To avoid a very lengthy post, I decided to save a discussion of Heathcliff and Mr. Rochester for a second post. Click for my first post on Wuthering Heights and Jane Eyre.
After reading the two books, I was wondering what led both Bronte sisters to cast dark and brooding men as their heroes. A friend told me that their father was rather dark and brooding too. In fact, she told me that Heathcliff was based on their father–and for the Brontes’ sake, I sincerely hope not!
It wouldn’t be so bad if Mr. Rochester was based on their father. A lot of the discussions I’ve had on Jane Eyre (and I’ve managed to have several!) have centered around whether or not Mr. Rochester is likable. Jane’s likability is also an issue, but a liking for the book does seem to hinge on whether you consider Mr. Rochester a good romantic hero.
I come down on the side of yes. Going into this, I expected to not like him because, after all–he has his first wife locked in a tower! But I think I had a vague notion that he had driven her insane, which (unless there’s a lot going on Charlotte never told us) isn’t the case at all. Considering the medical treatment of the time for the insane, I think locking her up in a tower is actually the most humane and merciful option. Especially since, whatever Mrs. Rochester’s insanity is, it’s clearly a case of being a danger to herself and others.
So I don’t blame him for that. Do I blame him for not telling Jane about the first wife, when he was planning to marry her? Yes, definitely. More on that in a bit.
And then of course he’s brooding and acerbic and unfriendly. But he’s also had his life blighted by a marriage to an insane woman, who he hated prior to her insanity, and which society won’t let him out of. That could give a person some issues.
When you come down to it, I believe that Mr. Rochester is basically a good guy, somewhat moody and not perfect, who got caught in a really, really difficult situation. He immersed himself in unhealthy influences, and that comes out when he interacts with people. I don’t believe that “the love of a good woman,” as the cliche goes, is going to save him–but I think getting him out of his situation and putting him around better, more positive people, will let the better person inside emerge.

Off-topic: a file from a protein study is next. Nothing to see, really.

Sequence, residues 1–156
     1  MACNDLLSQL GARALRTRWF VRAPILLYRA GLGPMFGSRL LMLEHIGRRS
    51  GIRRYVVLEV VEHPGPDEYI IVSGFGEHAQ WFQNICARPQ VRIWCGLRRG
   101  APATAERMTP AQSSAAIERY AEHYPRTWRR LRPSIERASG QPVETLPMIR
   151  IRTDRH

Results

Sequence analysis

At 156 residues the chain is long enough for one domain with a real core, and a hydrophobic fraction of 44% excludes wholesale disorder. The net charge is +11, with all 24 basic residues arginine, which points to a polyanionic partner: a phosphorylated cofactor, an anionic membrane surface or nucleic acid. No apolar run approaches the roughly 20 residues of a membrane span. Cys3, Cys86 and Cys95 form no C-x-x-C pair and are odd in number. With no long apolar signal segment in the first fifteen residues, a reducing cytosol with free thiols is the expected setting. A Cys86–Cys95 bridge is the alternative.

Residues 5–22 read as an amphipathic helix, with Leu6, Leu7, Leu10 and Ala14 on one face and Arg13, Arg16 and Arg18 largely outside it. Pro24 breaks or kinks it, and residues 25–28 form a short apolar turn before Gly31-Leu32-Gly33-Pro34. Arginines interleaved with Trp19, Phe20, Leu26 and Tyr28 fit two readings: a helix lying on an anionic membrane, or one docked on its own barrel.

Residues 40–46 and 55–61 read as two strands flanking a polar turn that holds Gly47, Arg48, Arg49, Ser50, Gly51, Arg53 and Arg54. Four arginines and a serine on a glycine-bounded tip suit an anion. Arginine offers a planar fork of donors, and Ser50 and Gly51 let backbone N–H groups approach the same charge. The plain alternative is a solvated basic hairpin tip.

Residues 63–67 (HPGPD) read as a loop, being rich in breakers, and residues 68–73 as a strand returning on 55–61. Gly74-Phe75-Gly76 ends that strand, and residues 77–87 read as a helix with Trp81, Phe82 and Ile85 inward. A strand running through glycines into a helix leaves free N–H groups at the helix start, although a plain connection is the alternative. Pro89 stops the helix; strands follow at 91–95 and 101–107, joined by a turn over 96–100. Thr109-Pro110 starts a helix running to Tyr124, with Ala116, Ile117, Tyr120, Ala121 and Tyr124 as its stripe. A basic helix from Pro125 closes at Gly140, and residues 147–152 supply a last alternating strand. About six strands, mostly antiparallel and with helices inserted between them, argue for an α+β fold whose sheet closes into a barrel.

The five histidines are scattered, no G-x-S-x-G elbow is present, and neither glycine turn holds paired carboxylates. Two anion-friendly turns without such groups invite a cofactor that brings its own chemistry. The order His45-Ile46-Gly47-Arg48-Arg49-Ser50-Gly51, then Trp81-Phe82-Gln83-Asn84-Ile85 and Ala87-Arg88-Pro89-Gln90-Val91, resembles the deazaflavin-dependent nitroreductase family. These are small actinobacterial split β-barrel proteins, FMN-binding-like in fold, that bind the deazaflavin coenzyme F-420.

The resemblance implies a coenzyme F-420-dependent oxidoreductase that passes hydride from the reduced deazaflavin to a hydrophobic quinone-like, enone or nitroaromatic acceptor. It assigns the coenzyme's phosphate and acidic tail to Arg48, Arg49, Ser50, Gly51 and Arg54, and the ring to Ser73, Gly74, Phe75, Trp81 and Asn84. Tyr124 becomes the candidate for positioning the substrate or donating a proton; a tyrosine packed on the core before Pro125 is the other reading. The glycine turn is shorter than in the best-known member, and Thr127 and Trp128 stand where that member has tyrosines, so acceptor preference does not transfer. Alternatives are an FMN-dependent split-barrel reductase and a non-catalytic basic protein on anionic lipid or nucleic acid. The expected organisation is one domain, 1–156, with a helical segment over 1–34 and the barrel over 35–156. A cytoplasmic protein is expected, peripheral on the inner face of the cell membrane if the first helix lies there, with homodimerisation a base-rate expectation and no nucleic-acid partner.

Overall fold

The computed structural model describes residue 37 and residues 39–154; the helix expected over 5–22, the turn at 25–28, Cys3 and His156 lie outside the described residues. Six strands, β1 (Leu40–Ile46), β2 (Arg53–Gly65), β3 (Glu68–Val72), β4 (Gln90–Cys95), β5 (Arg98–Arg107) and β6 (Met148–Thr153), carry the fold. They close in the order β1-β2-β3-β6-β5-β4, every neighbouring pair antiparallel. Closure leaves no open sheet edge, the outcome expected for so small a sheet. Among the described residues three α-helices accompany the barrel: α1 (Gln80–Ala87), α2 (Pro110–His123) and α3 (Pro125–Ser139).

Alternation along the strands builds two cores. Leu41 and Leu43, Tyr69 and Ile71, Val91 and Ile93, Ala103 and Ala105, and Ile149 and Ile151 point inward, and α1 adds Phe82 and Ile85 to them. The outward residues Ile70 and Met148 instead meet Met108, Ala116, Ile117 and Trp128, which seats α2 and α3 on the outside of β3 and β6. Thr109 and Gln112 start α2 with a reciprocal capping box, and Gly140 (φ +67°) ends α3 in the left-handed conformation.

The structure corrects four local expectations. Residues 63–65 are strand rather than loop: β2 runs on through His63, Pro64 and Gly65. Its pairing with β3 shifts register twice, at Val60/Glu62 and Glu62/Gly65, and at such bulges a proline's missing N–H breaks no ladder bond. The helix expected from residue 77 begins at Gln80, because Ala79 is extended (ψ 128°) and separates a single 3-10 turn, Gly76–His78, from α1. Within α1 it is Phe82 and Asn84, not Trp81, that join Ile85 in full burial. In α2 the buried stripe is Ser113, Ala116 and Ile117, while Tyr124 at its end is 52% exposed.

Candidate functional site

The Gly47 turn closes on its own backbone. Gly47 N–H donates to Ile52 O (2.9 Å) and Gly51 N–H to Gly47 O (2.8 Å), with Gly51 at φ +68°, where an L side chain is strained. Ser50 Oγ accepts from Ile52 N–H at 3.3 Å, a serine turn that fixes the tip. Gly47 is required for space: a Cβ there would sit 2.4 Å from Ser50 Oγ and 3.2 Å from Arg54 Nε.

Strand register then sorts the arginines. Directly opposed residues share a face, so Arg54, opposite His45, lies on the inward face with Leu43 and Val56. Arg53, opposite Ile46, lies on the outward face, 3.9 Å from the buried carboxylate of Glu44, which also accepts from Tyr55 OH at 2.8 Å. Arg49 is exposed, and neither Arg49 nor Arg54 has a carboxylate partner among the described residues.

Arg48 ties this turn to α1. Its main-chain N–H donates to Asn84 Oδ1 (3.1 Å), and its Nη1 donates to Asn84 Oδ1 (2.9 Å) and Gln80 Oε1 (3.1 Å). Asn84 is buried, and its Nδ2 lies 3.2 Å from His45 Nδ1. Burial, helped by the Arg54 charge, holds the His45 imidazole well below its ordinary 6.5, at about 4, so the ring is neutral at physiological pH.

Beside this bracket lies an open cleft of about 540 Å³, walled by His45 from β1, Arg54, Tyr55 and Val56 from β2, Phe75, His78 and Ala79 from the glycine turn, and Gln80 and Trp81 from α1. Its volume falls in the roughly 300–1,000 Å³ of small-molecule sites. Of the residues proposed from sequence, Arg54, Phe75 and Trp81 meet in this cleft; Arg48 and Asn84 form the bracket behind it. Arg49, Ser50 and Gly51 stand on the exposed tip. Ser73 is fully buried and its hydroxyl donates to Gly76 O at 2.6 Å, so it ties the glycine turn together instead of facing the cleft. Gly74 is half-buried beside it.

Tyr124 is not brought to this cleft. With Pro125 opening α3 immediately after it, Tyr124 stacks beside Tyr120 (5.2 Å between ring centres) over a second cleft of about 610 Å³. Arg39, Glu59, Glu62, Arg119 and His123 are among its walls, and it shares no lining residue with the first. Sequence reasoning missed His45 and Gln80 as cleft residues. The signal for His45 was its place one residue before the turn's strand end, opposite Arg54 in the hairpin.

Contrary to what the movies tell you, he’s also not very attractive–and I love that he’s so well-adjusted about it! Near the end of the book, after he’s been beat up a bit (no details, trying not to give too much of a spoiler) he asks Jane if he’s very hideous. And she says–“yes, but you always were.” Which doesn’t seem to bother him at all! I’m fascinated by the Phantom of the Opera’s issues with his appearance, but I also really enjoy a hero who doesn’t seem to mind being ugly.
As to that business of not telling Jane about the first wife, yeah, it was bad…but by the end of the book, Charlotte has punished him so thoroughly that I want to just forgive him and let him be happy.
And then there’s Heathcliff. I believed there was a good man somewhere under Mr. Rochester’s brooding exterior. I don’t believe that about Heathcliff. For one thing, he’s even more caustic and unfriendly. Mr. Rochester is generally just rather sarcastic and off-putting. Heathcliff is out-and-out nasty and cruel.
I looked up “psychopathy,” and here’s what I found: “a mental disorder in which an individual manifests amoral and antisocial behavior, lack of ability to love or establish meaningful personal relationships, extreme egocentricity.” That’s Heathcliff.
I wanted to like the poor, trodden-upon gypsy boy–but he wasn’t even a nice kid. And Heathcliff just got worse when he grew up. He treats everyone around him horribly, and never exhibits the slightest sympathy or remorse. All of his goals seem to be about exacting revenge and inflicting pain.
His most significant relationship is with Cathy, of course–but I wasn’t all that convinced that they loved each other either. I believed that Mr. Rochester loved Jane, would treat her well, and that they’d be happy together. Cathy and Heathcliff never exhibit pleasant things like kindness, tenderness, or self-sacrifice, even to each other. I think they’re obsessed with each other–but I don’t think it’s anything as healthy or positive as love.
Another friend tells me that Heathcliff is apparently a romantic lead archetype, which is a terrifying prospect. This is where women get into trouble, isn’t it? They think they’ve got Mr. Rochester, and he turns out to be Heathcliff. It’s not always so easy to tell them apart in real life.
I also read The Eyre Affair recently, about a world where you can actually go into books. I’d quite enjoy going to dinner at Thornfield Hall with Jane and Mr. Rochester. You couldn’t pay me to go to dinner at Wuthering Heights.
I’m glad I read both books, though. I’m glad I know more about Jane Eyre than that there’s a first wife locked up somewhere, and more about Wuthering Heights than that it has a character named Heathcliff–which is about where my knowledge stood a few months ago. Even if my opinion of Wuthering Heights didn’t turn out very favorable, it’s nice to have an opinion about it. And Jane Eyre was lovely.